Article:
Can you help?  I promise every dollar you donate down to the last cent will go directly towards the summer camp field trip transportation costs.

    Click here to donate and mark it for Yellow Buses in the Parks or just say “YB”.   And, thank you!


  • 05/20/2019 10:36 AM | Florida State Parks Foundation (Administrator)

    The 2019 Florida legislative session is now officially over and so it is a good time to reflect on what happened and what happens next.

    The big takeaway is that the Legislature awarded the Department of Environmental Protection (DEP) record funding and supported all of Governor DeSantis’s initiatives to do more for Florida’s environment.

    “I am pleased the Florida Legislature recognizes the importance of funding projects to accelerate Everglades restoration, continue the momentum of the C-43 and EAA reservoirs, improve water quality, enhance water supplies, protect the state’s natural lands and waterways, and restore our beaches,” said DEP Secretary Noah Valenstein.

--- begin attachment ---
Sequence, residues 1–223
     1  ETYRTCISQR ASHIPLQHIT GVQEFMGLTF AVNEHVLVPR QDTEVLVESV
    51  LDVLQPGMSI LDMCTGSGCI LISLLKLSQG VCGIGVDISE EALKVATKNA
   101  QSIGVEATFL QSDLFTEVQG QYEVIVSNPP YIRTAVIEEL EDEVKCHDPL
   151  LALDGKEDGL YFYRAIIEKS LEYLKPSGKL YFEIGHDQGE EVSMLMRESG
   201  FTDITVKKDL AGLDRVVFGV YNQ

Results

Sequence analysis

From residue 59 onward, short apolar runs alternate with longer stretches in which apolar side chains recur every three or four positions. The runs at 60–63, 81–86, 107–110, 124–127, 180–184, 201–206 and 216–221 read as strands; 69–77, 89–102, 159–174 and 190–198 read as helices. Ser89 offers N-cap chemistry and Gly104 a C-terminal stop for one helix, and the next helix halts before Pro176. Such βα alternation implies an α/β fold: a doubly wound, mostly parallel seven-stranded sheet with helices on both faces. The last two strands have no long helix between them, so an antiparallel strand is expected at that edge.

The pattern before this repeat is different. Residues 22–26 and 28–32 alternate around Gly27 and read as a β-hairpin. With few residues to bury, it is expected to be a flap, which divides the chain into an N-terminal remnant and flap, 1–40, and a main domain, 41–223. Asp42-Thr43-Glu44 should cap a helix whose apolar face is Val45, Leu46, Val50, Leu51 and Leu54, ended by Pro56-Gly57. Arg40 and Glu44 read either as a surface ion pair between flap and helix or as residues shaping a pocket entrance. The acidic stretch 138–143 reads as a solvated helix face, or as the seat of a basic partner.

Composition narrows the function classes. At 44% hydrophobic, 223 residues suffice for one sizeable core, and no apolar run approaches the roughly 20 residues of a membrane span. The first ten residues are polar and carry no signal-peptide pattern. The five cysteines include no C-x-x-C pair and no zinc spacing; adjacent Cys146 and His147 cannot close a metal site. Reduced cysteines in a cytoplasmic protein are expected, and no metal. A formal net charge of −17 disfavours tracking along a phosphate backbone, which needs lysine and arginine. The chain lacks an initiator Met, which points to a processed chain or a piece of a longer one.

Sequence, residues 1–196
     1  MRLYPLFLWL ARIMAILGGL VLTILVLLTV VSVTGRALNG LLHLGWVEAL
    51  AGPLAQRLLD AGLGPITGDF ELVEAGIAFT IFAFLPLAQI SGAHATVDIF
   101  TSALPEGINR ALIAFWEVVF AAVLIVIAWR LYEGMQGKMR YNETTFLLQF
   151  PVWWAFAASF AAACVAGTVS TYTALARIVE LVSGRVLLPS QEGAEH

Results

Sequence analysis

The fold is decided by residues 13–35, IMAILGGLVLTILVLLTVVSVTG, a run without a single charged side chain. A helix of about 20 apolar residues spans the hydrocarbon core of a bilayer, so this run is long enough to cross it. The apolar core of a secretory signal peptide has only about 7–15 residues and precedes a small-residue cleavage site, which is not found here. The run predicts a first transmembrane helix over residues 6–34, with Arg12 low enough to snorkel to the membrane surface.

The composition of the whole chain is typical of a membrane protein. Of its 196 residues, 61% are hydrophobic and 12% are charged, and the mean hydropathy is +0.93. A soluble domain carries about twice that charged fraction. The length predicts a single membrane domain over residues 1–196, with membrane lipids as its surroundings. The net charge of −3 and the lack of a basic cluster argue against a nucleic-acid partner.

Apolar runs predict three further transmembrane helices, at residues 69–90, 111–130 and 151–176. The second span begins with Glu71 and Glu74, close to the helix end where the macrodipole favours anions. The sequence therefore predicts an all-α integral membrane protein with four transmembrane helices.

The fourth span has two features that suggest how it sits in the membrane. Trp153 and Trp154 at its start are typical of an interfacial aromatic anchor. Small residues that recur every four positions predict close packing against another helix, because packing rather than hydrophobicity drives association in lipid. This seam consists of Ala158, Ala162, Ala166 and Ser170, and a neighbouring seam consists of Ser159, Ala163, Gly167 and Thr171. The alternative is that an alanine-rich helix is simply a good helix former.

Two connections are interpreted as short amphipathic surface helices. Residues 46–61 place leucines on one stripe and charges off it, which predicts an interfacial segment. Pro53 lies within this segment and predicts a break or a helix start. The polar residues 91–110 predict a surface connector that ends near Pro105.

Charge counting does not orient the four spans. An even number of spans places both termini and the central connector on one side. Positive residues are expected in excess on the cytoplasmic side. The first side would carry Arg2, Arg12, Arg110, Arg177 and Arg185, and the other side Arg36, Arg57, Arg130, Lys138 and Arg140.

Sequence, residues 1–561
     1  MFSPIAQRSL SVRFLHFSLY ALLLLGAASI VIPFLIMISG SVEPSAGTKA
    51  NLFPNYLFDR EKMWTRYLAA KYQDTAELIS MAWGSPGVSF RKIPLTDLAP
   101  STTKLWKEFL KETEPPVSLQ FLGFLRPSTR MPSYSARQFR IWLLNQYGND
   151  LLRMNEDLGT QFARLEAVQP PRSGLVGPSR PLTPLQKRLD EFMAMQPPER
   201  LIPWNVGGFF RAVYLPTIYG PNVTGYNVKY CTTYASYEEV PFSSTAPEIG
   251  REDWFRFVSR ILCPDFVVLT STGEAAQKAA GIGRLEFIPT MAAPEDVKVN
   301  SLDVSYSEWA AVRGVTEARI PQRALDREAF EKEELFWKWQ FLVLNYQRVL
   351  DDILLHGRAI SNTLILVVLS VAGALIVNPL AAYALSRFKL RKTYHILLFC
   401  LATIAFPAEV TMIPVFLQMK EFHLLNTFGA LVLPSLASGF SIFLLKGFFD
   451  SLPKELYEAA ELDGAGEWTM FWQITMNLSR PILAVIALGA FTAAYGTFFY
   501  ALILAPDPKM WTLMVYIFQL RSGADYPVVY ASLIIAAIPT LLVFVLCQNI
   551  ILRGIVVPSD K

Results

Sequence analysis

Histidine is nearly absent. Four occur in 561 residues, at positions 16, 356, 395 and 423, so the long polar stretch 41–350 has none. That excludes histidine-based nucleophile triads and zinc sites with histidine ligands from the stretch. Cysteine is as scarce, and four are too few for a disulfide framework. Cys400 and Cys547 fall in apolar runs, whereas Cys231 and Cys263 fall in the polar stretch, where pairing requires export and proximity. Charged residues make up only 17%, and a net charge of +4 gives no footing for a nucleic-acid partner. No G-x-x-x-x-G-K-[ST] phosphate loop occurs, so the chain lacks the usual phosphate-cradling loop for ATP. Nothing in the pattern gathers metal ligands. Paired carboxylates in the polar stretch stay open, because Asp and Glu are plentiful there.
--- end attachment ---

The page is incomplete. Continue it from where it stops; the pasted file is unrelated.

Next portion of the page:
More than $400 million has been earmarked for Everglades restoration and there is major funding for targeted water quality improvements, alternative water supply, and to combat harmful algal blooms. An additional $33 million is allocated to Florida Forever for land purchases and land management and there are more dollars to help Florida state parks impacted by Hurricane Michael.

    The Governor has called for $2.5 billion to be invested over the next four years to protect and restore Florida’s Everglades and water resources – this is $1 billion more than has been invested in the previous four years.